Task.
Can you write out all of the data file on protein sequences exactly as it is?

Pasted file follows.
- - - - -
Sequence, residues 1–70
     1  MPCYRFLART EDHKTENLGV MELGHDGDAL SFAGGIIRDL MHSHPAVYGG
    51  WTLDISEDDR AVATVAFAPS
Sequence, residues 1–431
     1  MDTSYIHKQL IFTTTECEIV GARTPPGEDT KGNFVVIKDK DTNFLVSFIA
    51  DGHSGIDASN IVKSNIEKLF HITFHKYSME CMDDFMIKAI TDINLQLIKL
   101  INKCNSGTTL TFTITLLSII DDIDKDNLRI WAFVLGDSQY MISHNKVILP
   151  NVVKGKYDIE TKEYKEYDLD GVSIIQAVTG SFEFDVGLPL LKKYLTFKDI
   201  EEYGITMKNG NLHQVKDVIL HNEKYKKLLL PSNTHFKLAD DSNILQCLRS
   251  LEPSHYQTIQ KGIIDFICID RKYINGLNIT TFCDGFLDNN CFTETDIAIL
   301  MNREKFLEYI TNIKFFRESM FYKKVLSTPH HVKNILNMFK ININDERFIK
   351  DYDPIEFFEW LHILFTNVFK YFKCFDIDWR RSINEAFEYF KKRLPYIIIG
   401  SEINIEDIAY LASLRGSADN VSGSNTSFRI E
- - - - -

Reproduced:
Sequence, residues 1–70
     1  MPCYRFLART EDHKTENLGV MELGHDGDAL SFAGGIIRDL MHSHPAVYGG
    51  WTLDISEDDR AVATVAFAPS
Sequence, residues 1–431
     1  MDTSYIHKQL IFTTTECEIV GARTPPGEDT KGNFVVIKDK DTNFLVSFIA
    51  DGHSGIDASN IVKSNIEKLF HITFHKYSME CMDDFMIKAI TDINLQLIKL
   101  INKCNSGTTL TFTITLLSII DDIDKDNLRI WAFVLGDSQY MISHNKVILP
   151  NVVKGKYDIE TKEYKEYDLD GVSIIQAVTG SFEFDVGLPL LKKYLTFKDI
   201  EEYGITMKNG NLHQVKDVIL HNEKYKKLLL PSNTHFKLAD DSNILQCLRS
   251  LEPSHYQTIQ KGIIDFICID RKYINGLNIT TFCDGFLDNN CFTETDIAIL
   301  MNREKFLEYI TNIKFFRESM FYKKVLSTPH HVKNILNMFK ININDERFIK
   351  DYDPIEFFEW LHILFTNVFK YFKCFDIDWR RSINEAFEYF KKRLPYIIIG
   401  SEINIEDIAY LASLRGSADN VSGSNTSFRI E